Before the Masks and Now

by Manny Brizuela

Randy Kegans has been going to Oklahoma City Blazers games since the mid 1960’s, long before the Western States Hockey League was idealized in Dr. Don Thorne’s mind and before goalies were required to wear masks.   

The Oklahoma City Blazers, of the defunct Central Professional Hockey League, gave Kegans his initial memories of the sport of hockey and set him on a life-long journey supporting the name to this day. When the Blazers hit the ice in Kegans’s town, it was the name of legendary goalie, Gerry Cheevers, who truly captivated him as a sincere fan of the game. The team boasted a wide array of talent as it was formed through the relocation of the Minneapolis Bruins, affiliate to the Boston Bruins, which also included Reggie Leech, J.P. Parise, Wayne Cashman and a host of other, then, NHLers.   

“I remember my dad talking about every time he [Cheevers] took a puck to his mask, once he even started wearing one, he would put a stitch mark on it to then say ‘the mask has saved me that many stitches,’" Kegans said.

(Pictured Gerry Cheevers) 

Needless to say, Cheevers’s mask is covered with stitch marks almost every square inch of the way.

The CPHL Blazers produced cherished moments in Oklahoma City hockey history bringing back-to-back Adams Cups in 1966 and 1967. But a dark moment is always in order when the team you love is stripped away.  

In 1972, the Boston Bruins decided to steer in a different direction and cut their affiliation from Oklahoma City. Hockey went missing in OKC for about a year before the Tulsa Oilers, affiliate to the Toronto Maple Leafs, reformed as a reinvigorated Oklahoma City Blazers. The move brought All-Time NHL Penalty Leader, Dave “Tiger” Williams, to the forefront of Kegans’s vision to further mold his enjoyment on the nature of hockey.

Again Kegans had to deal with the despair of losing your hometown team when the Toronto Maple Leafs decided to cut ties due to budget constraints—The CPHL, later CHL, eventually folded in 1984.

“In the early 90’s they reformed the old CHL,” Kegans said. “It had a lot of the same cities as far as teams went.” 

It must have felt like an eternity before the Oklahoma City Blazers returned. They indeed returned in 1992 when a newly minted CHL formed absorbing a lot of the old names from the former CHL. That lasted until 2009 when team owners ultimately decided to shut the team down in order to make room for an AHL OKC Barons team, and that didn’t last long.

“At the five year mark [2014] of the Barons, that was the year that a lot of NHL teams were moving their AHL affiliates out West. The Barons went away and that was one of the reasons why we started looking around to see what hockey was available to us.”

Lo and behold, Tyler Fleck, former CHL Blazers captain, enters the scene with a team of his own, named the Oklahoma City Jr. Blazers. It didn’t take long for the city to embrace the team carrying a name that resonated deeply with Oklahoma City hockey fans. It didn’t take even one full season of WSHL hockey before the Jr. Blazers set a league-wide attendance record, on Oct. 25, 2014, with 7,109 fans laying witness to their 8-1 triumph over the Dallas Snipers.   

“I missed the first season of the Jr. Blazers but found out about them during their second season and have been a season ticket holder ever since,” Kegans said. “The atmosphere at the games is just amazing as far as fan interaction with the players and just getting to know the guys that will be with the club for one or several years.”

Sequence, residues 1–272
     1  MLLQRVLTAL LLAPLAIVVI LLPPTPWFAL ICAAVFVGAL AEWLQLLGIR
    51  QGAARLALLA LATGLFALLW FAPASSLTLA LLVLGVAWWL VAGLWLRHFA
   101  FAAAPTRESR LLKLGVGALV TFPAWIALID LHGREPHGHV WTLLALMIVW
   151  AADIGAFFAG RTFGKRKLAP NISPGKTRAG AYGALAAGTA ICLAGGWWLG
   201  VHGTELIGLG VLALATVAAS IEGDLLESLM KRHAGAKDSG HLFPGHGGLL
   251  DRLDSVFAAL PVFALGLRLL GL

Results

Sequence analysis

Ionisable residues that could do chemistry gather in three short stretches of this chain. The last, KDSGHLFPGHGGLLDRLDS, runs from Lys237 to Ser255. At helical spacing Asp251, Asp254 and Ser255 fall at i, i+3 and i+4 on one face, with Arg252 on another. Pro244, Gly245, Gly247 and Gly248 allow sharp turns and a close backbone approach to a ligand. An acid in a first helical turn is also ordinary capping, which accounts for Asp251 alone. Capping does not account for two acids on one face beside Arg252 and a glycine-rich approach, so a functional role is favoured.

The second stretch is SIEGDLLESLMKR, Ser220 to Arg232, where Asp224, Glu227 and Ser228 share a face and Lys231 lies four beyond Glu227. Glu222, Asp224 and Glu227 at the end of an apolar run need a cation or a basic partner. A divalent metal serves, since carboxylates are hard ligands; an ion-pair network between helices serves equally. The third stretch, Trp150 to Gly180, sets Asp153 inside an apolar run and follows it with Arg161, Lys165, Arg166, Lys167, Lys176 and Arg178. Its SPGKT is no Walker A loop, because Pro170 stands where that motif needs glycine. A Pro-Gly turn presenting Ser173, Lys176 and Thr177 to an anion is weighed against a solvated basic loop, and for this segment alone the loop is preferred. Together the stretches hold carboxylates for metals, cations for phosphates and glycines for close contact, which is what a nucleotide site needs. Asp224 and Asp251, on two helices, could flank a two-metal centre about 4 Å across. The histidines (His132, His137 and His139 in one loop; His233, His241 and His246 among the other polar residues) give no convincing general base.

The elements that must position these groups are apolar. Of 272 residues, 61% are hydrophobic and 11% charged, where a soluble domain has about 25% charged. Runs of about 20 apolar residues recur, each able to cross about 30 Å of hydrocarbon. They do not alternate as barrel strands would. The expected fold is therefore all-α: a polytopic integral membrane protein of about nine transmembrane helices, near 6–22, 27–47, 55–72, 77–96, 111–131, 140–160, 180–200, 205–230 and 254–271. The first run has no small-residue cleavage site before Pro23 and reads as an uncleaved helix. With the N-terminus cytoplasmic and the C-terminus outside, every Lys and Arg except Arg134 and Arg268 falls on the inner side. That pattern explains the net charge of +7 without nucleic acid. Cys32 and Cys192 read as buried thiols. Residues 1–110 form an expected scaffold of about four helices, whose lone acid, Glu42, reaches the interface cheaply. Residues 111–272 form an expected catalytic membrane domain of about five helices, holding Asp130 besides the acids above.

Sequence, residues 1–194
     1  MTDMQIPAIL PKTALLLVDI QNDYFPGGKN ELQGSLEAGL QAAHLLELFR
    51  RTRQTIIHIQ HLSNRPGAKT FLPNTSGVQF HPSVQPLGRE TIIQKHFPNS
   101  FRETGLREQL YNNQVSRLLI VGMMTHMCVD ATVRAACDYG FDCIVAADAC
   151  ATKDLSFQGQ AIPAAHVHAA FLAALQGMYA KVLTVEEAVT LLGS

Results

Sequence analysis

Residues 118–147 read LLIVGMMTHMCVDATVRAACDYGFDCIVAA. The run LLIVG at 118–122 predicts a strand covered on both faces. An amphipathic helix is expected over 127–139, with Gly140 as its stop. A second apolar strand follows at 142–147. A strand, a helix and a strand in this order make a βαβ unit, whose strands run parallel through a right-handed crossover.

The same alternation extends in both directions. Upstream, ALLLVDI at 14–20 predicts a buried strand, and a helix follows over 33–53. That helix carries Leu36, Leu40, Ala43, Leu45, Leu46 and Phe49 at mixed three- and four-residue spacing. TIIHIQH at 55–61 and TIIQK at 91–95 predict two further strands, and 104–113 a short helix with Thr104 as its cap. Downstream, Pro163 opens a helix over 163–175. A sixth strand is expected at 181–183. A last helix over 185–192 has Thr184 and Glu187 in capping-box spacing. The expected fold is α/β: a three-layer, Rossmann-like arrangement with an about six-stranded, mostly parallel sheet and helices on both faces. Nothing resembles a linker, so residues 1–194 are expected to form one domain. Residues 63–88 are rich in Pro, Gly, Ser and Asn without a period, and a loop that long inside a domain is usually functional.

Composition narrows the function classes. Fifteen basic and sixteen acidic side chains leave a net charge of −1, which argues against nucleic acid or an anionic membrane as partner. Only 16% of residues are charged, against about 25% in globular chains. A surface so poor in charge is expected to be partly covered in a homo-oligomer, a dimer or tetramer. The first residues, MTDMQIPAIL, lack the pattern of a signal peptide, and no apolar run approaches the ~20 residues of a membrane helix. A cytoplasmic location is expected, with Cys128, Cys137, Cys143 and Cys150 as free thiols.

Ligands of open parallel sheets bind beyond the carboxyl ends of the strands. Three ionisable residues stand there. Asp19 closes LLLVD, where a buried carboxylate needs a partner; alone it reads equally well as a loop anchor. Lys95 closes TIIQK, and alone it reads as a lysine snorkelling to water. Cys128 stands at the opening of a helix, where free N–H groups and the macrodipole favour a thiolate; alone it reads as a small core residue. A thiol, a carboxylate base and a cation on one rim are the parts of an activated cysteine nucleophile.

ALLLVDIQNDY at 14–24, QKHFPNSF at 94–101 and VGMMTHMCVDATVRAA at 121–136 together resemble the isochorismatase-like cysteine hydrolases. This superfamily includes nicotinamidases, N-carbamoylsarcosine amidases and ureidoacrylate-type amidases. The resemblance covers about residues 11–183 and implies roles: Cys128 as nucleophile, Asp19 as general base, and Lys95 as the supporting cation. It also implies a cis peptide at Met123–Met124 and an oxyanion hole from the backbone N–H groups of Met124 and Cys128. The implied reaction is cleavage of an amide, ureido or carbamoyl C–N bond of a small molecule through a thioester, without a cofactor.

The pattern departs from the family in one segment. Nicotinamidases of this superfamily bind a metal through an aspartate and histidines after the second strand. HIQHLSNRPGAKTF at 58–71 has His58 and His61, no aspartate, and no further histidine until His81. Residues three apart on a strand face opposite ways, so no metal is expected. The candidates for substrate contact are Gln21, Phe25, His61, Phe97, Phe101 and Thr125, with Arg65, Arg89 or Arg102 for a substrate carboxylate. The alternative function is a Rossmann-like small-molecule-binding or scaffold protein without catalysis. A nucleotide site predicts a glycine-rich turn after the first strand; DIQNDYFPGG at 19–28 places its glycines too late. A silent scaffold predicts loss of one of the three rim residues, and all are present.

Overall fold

It’s that element of going to a Jr. Blazers game that enticed and lured Kegans into becoming a long-time fan for them. The level of success, talent and accessibility correlated to the perfect environment for the phrase “Blazers Hockey,” to once again reach praise after it had left a void from the old CPHL/CHL days.

(Picture via Randy Kegans, Left, Vitali Mikhaylov, Right)

“One thing that jumps out to me is the rivalries within our division. Just the rivalry that develops between players from different teams in the division, it’s fun to see the grit and determination as enemies on the ice. Also, the excitement when you win a playoff round and even the disappointment when you let one get away.”

The Jr. Blazers are an important aspect to Oklahoma City hockey fans. The team’s dedication to putting a good product on the ice has made it so every moment—win or lose—is worthy of remembering in the mind of people like Kegans. For Kegans, he has seen an upward trend in the level of play and competitiveness. The Jr. Blazers are skating in their second season with a new owner, Gary Gill, and have positioned themselves as the No. 2 team in the league so far. 

Not many WSHL teams have had the chance to host an All-Star Game but the Jr. Blazers hosted it in 2016. So, Kegans was able to see his squad faceoff against the league’s best. 

“It was nice to see all the players from the West and Mountain Divisions come over and play because you don’t usually get that crossover with the West at least.”

“We as fans are excited this year to see how much of a run we can make and hopefully at least go and play in the Thorne Cup Finals. In this league, that’s the goal to go and represent your division and be there.”

Kegans is equipped to cheer on the Jr. Blazers and the expected deep season run this year. He has accumulated quite the collection of jerseys over the years but has his eye on a Vitali Mikhaylov jersey next.